The differences between Medicare Supplements vs HMO vs PPO are easy to understand. However, more complex is the difference between PPO and Medigap.
HMO and PPO both have a network that gives you lower costs when you comply with their conditions. Imagine a plan that gives you total doctor freedom and consistent coverage; well, that is the supplemental option.
Now, people who want the lowest costs and don’t care what doctor they visit as long as it’s cheap, the HMO may be a solution. Many people sit in the middle; you don’t mind paying a little more, but you do want to go to your doctor, the PPO could be your ideal fit.
The only way to choose is by studying the ins and outs of these options. Lucky for you, we have all the details below!
Differences Between Medicare Supplements vs HMO vs PPO
There are several different forms of Medicare Advantage plans that are available to Medicare beneficiaries. Two out of four programs are the most popular; the Health Maintenance Organization (HMO) and Preferred Provider Organization (PPO) plans.
Approximately 34% of beneficiaries have an HMO or PPO plan. Below we will review what the difference is between the two. Then, we’ll compare the differences between HMO, PPO, and Medigap.
What are the Biggest Differences Between PPO and HMO
There are significant differences between a Health Maintenance Organization (HMO) and a Preferred Provider Organization (PPO). For most Medicare patients, the cost is a huge factor in health insurance.
Let’s face it; we all must live within a specific, personal budget, and insurance plans can equate to significant spending.
You can expect to see different monthly premiums, out of pocket costs, as well as options in providers and facilities. Another difference between these two options is the sizes of the networks.
HMOs are plans where beneficiaries go to doctors, hospitals, and other doctors that are in-network. The network exception is in an emergency or urgent circumstances.
There may be instances where a beneficiary seeks care out-of-network for services; they will pay more.
When you initially enroll in an HMO plan, you’ll need to select a doctor. If you need to see a specialist at any time, your doctor will refer you.
Prescription medications have coverage under HMO plans in most cases. These are Medicare Advantage Prescription Drug Plans (MAPD).
When using an HMO plan, you agree to receive health coverage in-network with your specific policy. That’s not saying you can’t get care outside of the network; but, you could pay a lot out of pocket.
PPO plans are another option for individuals who love the flexibility that this plan could offer. Preferred Provider Organization plans don’t require referrals to see specialists or primary care doctor visits.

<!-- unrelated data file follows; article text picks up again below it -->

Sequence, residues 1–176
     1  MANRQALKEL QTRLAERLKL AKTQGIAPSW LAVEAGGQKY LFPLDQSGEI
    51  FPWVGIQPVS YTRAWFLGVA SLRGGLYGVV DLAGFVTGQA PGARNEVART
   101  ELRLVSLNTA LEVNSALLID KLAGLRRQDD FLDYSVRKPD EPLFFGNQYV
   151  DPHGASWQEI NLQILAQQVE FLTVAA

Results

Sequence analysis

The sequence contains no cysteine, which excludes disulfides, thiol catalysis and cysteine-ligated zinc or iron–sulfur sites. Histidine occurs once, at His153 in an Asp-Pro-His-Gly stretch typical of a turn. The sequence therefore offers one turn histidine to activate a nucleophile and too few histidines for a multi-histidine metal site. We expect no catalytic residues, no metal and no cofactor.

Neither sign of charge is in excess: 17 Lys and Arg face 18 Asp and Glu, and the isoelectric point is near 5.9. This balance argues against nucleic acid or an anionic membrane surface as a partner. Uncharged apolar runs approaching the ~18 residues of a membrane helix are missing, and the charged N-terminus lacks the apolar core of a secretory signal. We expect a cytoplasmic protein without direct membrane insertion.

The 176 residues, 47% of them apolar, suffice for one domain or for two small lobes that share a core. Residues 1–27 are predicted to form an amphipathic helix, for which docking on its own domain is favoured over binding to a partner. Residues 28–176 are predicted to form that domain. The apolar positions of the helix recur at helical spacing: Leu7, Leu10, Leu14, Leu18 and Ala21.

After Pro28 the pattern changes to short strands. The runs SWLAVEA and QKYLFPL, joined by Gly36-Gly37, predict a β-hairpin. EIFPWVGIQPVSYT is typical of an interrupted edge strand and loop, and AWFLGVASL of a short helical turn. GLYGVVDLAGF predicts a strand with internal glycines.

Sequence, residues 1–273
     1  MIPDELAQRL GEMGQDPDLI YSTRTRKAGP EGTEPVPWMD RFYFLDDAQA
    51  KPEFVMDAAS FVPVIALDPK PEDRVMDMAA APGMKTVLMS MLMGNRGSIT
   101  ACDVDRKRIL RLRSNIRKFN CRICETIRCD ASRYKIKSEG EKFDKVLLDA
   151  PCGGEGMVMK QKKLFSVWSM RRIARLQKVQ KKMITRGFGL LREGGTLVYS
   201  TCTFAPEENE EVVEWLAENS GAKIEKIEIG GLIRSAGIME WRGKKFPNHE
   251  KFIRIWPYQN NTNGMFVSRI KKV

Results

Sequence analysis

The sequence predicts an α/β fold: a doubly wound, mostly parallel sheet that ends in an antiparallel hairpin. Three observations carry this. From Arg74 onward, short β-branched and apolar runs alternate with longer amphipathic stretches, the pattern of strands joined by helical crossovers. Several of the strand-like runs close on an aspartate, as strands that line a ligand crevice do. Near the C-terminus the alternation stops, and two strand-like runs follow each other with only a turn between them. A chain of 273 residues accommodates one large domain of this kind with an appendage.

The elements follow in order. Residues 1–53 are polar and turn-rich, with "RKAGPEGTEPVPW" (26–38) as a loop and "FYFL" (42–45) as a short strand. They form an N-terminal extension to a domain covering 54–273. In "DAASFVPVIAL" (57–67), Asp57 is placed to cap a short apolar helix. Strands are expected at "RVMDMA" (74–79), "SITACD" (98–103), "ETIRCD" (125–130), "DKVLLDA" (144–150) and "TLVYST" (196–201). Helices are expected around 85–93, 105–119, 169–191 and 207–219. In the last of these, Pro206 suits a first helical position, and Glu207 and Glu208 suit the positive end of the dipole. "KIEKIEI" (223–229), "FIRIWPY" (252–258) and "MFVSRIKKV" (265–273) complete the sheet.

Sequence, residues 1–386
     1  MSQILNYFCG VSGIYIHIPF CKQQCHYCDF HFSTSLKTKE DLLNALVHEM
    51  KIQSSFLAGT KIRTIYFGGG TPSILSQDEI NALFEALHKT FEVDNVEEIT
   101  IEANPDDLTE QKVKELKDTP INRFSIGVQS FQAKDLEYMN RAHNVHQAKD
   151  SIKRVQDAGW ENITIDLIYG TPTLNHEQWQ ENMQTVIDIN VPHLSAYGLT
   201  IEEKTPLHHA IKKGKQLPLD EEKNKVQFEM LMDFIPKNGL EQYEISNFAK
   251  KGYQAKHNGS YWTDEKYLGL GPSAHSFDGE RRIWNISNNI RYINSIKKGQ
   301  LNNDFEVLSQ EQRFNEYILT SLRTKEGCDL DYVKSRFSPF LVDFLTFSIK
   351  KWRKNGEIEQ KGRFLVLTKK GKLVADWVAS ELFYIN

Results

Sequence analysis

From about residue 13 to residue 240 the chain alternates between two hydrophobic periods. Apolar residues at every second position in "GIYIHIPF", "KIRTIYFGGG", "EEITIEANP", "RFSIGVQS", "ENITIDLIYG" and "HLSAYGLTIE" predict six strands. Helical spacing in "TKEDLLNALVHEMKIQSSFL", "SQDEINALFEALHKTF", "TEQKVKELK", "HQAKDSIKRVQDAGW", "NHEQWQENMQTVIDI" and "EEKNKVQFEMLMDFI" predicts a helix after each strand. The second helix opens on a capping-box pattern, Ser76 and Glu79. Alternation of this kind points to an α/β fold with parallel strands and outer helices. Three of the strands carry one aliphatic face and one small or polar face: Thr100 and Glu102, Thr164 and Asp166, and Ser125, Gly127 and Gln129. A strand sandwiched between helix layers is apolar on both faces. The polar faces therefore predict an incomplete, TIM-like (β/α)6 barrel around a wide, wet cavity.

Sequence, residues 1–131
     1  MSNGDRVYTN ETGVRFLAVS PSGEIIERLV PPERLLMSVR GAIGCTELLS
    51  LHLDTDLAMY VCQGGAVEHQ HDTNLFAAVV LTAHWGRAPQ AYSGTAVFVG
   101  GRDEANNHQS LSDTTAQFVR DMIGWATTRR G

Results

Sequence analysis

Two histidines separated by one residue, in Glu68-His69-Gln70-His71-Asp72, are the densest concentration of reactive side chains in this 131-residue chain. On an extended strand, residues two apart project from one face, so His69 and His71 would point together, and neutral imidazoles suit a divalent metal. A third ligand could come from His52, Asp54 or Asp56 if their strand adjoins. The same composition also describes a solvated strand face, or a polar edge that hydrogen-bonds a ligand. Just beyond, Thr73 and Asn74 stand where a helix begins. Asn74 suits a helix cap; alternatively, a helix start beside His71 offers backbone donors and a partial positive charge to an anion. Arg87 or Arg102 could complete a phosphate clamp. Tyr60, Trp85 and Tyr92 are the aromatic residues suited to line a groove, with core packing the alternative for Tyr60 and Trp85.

You’ll still want to use providers and facilities that are in-network with your insurance. If you choose to use any out-of-network providers or facilities, you could face higher co-payments and coinsurance prices.
You can still receive Medicare prescription drug coverage with your PPO plan. To do this, you would enroll in an MAPD plan.
Not all PPOs are the same, so not every program may include Part D. Benefits and costs vary from plan to plan.
HMO Vs. PPO
An HMO varies from a PPO in many ways. When using an HMO plan, you’ll have to first visit with your doctor if you need to see a specialist.
Your doctor will have to provide a referral to a specialist for insurance to cover your visit. With a PPO, you don’t have to visit your doctor before seeing a specialist, and a reference isn’t necessary.
HMO plans usually offer lower monthly premiums and tend to have less out of pocket costs associated with it. The flexibility of a PPO plan often results in higher monthly premiums as well as higher out of pocket costs.
HMO vs. Medicare Supplements
We’ll start by addressing the details of Medicare supplements. Medicare covers 80% of your health costs, and Supplement plans help cover the 20%.
Advantage plans such as an HMO seemingly offer a lot more health coverage at even lower prices than traditional Medicare and a Medicare supplement plan. However, HMO plans have more limitations and restrictions than a Medigap policy.
If you have a list of doctor preferences, a Medigap plan could be more suitable.
PPO vs. Medicare Supplements
The primary differences between a PPO plan and a Supplement plan are the fact that a PPO plan costs more to see out of network doctors. Whereas, a Medigap plan allows you to see any Medicare doctor.
Supplement plans are private insurance policies that help cover a beneficiary’s coinsurances, deductibles, and copays. While people may end up paying more monthly for Medigap, they’re likely to have lower costs overall.
If you shop for doctors out of Medicare’s network, likely, your insurance won’t cover costs.
Understanding the Difference Between Medigap vs HMO vs PPO
As a beneficiary, you may be asking yourself which plan is best for you and your needs. Paying a lower premium may be appealing; but, you may decide that a lower deductible works better in the long run.
There are several things that you should consider when making this decision. Review your current income and potential income down the road.
In addition to income changes, you may face an influx of health changes with age. Look into plans that are available and discuss all the health possibilities.
The slightest change to your daily life could have an impact on you; so, it’s imperative to prepare. Preparation for life changes should include shopping for the best health plans.
If you gear yourself with the right tools, you could save yourself money and time. Call us today at the number above to discover the best options for you.
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